What Is the Best Resume Format?

woman using her laptop

Your resume is a chance to make a first impression on an employer. And that first impression matters, considering in the world of hiring, recruiters only spend mere seconds scanning each resume.

Because of this, formatting your resume in a clear and easy-to-read manner is important. A well-organized layout with clearly defined sections, bullet points, and consistent formatting makes it easier for recruiters to quickly grasp your qualifications and experiences. On top of that, it also demonstrates your attention to detail and ability to communicate effectively.

By presenting information in a concise and accessible format, you increase the likelihood of capturing recruiters’ attention— and making it to the next step of the hiring process.

What is the best resume format?

For most, listing your experience in reverse-chronological order will be the best resume format choice. This allows your most recent experience to shine.

However, it’s not the only way to order your resume. Here’s the difference between reverse-chronological and functional resumes.

Reverse-chronological resume

This format lists your work experience in reverse chronological order, starting with your most recent job and working backward. It highlights your career progression and is ideal for those with a consistent work history in the same field or industry.

Again, this is the most common resume format. When in doubt, use this one!

Functional resume

Functional resumes are a less common format but are still good for certain situations.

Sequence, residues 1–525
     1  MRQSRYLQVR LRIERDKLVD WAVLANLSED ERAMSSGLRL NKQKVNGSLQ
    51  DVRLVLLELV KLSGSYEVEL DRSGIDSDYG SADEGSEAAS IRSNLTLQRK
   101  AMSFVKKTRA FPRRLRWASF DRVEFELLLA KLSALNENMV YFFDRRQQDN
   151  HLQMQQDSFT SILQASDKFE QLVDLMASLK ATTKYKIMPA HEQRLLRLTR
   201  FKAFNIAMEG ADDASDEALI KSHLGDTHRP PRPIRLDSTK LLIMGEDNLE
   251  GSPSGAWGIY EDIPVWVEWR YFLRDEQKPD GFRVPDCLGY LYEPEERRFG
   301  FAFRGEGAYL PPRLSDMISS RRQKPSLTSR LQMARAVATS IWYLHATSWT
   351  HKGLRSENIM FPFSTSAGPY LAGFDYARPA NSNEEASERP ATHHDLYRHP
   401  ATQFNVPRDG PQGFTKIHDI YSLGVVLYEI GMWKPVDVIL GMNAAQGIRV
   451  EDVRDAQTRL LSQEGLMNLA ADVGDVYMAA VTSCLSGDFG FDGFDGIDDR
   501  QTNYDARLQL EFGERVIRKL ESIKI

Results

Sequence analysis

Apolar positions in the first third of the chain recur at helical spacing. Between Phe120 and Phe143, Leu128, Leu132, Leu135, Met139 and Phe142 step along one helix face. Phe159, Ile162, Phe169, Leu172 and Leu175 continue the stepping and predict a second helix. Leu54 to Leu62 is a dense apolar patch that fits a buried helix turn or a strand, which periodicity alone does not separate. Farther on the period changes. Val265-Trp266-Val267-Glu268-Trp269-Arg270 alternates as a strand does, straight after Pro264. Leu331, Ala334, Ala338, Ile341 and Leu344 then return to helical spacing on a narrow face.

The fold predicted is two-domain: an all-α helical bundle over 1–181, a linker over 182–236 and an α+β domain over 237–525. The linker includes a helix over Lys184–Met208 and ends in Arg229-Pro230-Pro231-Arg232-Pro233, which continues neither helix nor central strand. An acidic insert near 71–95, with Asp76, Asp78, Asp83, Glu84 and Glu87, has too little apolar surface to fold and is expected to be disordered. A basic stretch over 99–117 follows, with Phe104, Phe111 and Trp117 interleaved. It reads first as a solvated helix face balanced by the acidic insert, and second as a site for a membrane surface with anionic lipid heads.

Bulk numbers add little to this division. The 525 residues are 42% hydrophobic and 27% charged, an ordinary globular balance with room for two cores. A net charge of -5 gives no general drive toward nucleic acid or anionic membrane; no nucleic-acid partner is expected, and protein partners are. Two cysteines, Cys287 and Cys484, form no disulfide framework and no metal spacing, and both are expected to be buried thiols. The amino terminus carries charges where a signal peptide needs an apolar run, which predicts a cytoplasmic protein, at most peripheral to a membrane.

Instead of focusing on your chronological work history, this format resume emphasizes your skills and accomplishments, putting the most important and relevant roles first. It’s useful when:

  • You’re changing careers: If you’re making a major career pivot, you may want highlight skills and achievements from previous roles that aren’t necessarily your most recent ones.
  • You have career gaps: Maybe you have some gaps in your employment that you don’t want to call attention to. A functional format showcases your relevant skills, not the duration of work.
  • Your experience doesn’t come from traditional work: Perhaps the experience that makes you a good fit for the role isn’t a traditional job. Including it in your work experience can bring that to the forefront.

Remember— a resume is supposed to summarize your career journey and skillset. Choose the option that best tells your story.

Should you list your education or job experience first?

Which comes first— your job experience or education? The answer depends on where you are in your career.

The best resume format for recent grads

If you’re recently out of college or high school, lead with your education. You may have little to no work experience yet, and that’s okay! 

Start with your name and contact information, and then dive right into your academic history. You can include:

  • Degree
  • Major or concentration
  • Years attended or anticipated graduation date

In this section, you can also list relevant coursework that you completed. After that, include relevant experience you have like being a member of a club, internships, or jobs you held while in college or high school.

Lastly, you can include a section at the bottom that outlines your hard and soft skills and certifications.

The best resume format if you have years of work experience

If you’ve been out of school for more than three years or so, lead with your experience. What you’ve accomplished in your professional career will be more important than the clubs and or organizations you were involved with in college. 

Start with your most recent job experience and work your way back in chronological order. Be sure to add a few bullet points to each job to outline your major accomplishments and duties. 

After you cover your experience, you can list relevant hard and soft skills and certifications. If you have room left, touch on your educational background.

Resume format FAQs